After two days of rain in Salinas, I woke up in bright sunshine and decided it was time to let my bedsores heal. My hiking book prescribed an ‘easy’ two or three day walk down by the Chorrera waterfalls. I was capable of their easy hikes, I decided, though ‘moderately difficult’ hadn’t exactly been the Stairmaster Level 3 effort I’d imagined. This hike would drop 2000 meters from sub-alpine to cloud forest, down the flanks of the Cordillera Occidental. It promised wonderful views, fog permitting, extraordinary vegetation, and interesting communities.
Well, it’s April. Fog wasn´t permitting. Nor was baleful, bucketing rain.
The first day, I walked three hours down an unpaved road, happy as a Girl Scout in the sunshine.
“Where are you going?” asked everyone I passed.
“To Chazo Juan. By the waterfalls.”
“Why don’t you go by car?”
They were all ready to point out that if they could afford a car, or a two-dollar bus ride, or even a mule, they wouldn´t be schlepping a backpack down a steep muddy track in winter, like the kind of stupid gringa who had got soft from lying in a hotel room eating Salinas chocolate and romanticizing the wayfarer life. Hah, I refuted weakly.
At Las Arranyes, a tiny village, I was proud to find the track first go, fifty feet past the church as advertised.
“It will take a long time,” called the woman who directed me. The trail descended sharply at once, and I slithered in the mud while above me kids clapped their mouths to make Injun Brave whoops. I filched a fence picket lying in the mud for support. It was almost fun, sliding downhill on slick mud. Irish skiing. I fell on my bum twice and was glad to be out of sight of the whooping braves.
The trail was rocky in parts, but mostly thick with ankle-deep mud and clay. I caught my first sight of the waterfall at three o’clock, around the time it started to drizzle. The first prescribed campsite was near, but there were three curious horses grazing in it. A piglet had bitten me on my last hike—no lasting damage to either of us, but I felt I didn’t have what it took to deal with Ecuadorian livestock. So I trudged and slithered on through rain that grew more insistent. Clouds rolled in.
Clouds have a power here that lowland countries never experience. In my indoor, mostly sea-level life, I looked up occasionally and noticed an especially fluffy cumulus, or a gray bank that looked “threatenin’ “, as we say at home. In the Andes, a wall of white rolls towards you, not above you, like smoke along the floor of a burning building. You watch it swallow trees and ridges ahead of you, knowing that soon you will be walking through a cold sauna, and that taking off your glasses won’t clear the pearly fog.
The book said the next good campsite was an hour’s walk away, but my progress was slow in the churning mud and fog. Eventually, I camped on the only flattish surface around, sliding slowly downhill in my wet sleeping bag. I was too damp to consider anything but three bars of chocolate for dinner.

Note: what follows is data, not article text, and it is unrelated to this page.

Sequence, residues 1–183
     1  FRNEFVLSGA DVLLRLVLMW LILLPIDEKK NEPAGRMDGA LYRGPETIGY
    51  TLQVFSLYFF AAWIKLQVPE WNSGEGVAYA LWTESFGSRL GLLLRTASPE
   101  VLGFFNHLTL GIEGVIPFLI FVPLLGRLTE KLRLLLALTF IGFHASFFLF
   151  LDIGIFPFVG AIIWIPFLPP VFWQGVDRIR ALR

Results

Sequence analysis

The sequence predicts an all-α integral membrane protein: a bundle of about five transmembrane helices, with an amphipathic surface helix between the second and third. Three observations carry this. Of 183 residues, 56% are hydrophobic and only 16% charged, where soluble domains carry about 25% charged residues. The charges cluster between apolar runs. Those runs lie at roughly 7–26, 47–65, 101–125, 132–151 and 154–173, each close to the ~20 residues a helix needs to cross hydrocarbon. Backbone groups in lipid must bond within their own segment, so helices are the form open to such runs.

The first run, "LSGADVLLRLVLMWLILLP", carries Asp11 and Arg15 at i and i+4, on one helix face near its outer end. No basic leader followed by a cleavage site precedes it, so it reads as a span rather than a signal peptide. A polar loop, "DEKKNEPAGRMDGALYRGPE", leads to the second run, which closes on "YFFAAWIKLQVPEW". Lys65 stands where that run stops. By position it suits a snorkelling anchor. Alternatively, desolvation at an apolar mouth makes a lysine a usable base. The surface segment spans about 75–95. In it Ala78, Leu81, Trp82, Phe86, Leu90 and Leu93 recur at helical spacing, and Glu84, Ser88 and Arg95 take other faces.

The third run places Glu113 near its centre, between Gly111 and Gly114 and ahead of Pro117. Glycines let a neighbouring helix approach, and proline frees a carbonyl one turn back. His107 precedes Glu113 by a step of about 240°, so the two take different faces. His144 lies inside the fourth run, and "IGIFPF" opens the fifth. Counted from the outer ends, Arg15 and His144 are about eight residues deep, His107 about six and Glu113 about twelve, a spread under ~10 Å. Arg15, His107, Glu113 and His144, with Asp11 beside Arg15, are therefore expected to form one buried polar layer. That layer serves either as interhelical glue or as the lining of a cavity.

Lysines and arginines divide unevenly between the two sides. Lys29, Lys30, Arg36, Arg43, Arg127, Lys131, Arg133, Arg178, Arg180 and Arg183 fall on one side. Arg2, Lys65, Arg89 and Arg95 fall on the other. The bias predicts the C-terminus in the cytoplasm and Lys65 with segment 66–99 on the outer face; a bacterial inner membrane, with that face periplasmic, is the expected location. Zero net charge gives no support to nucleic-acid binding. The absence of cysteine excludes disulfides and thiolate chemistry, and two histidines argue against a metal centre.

It was bright the next morning, and I saw the waterfall again as I dawdled over a belated dinner of pasta, mussels, dried Salinas mushrooms, and parmesan. Eating is my favorite part of camping, and it puts off folding a sopping tent. By 10.30 it had started to rain again and I still hadn’t made it to the second campsite after two and a half hours of walking. The falls had long since disappeared in a muffling cloud—or rather, I had. The vegetation was changing—I was 1500 meters down by now—and I found a springy bamboo pole to tripod myself down the worst slopes.
There is something liberating about being completely soaked. To be covered in mud is even more freeing. I’m catlike by nature, and I detest getting wet, but once I am I can accept it fully. It doesn’t matter any more. There’s no need to poise above a puddle, wondering if you can jump it without breaking your neck. Just slosh right through, and feel it lap the top of your boots. The suck and gurgle of mudholes becomes a childhood game of trying to make the most disgusting noise possible. At times my feet were encased in huge chocolatey mud-boots, like Bobo the Clown. At other times, they were washed temporarily clean by swollen streams that crashed across the path. Such extensive treatment would have cost a fortune at the hands of a Manhattan aesthetician.
The ankle-deep ford my book described was now raging white water, but a thoughtful person had thrown a log-bridge across. I unclipped my hip belt and crawled across it on my belly, not caring who saw my pathetic display.
I passed a mud-brick house (what else?) where a colorful line of laundry was hung in a triumph of hope over experience. The three dogs barked in terror at this yeti approaching from the mist, and this drew a string of five dirty little boys in height order, followed by a young mother nursing a sixth. She laughed in disbelief and wanted to know why I didn’t go by car.
“I wanted to see the scenery,” I said, weakly. Silently, we both gazed at the cloud fog. She directed me to the right path: I had been confused by the fact that it was now a healthy six-inch-deep stream.
Further on, an old lady scolded me for coming in winter, and told me that her son was coming up the path with his cows and I’d have to get out of his way. He was a friendly fellow and full of questions. When was I coming back? August would be great. Never, I wanted to say, does never work for you? I noted the chocolate coating which had by now worked its way up to my thighs.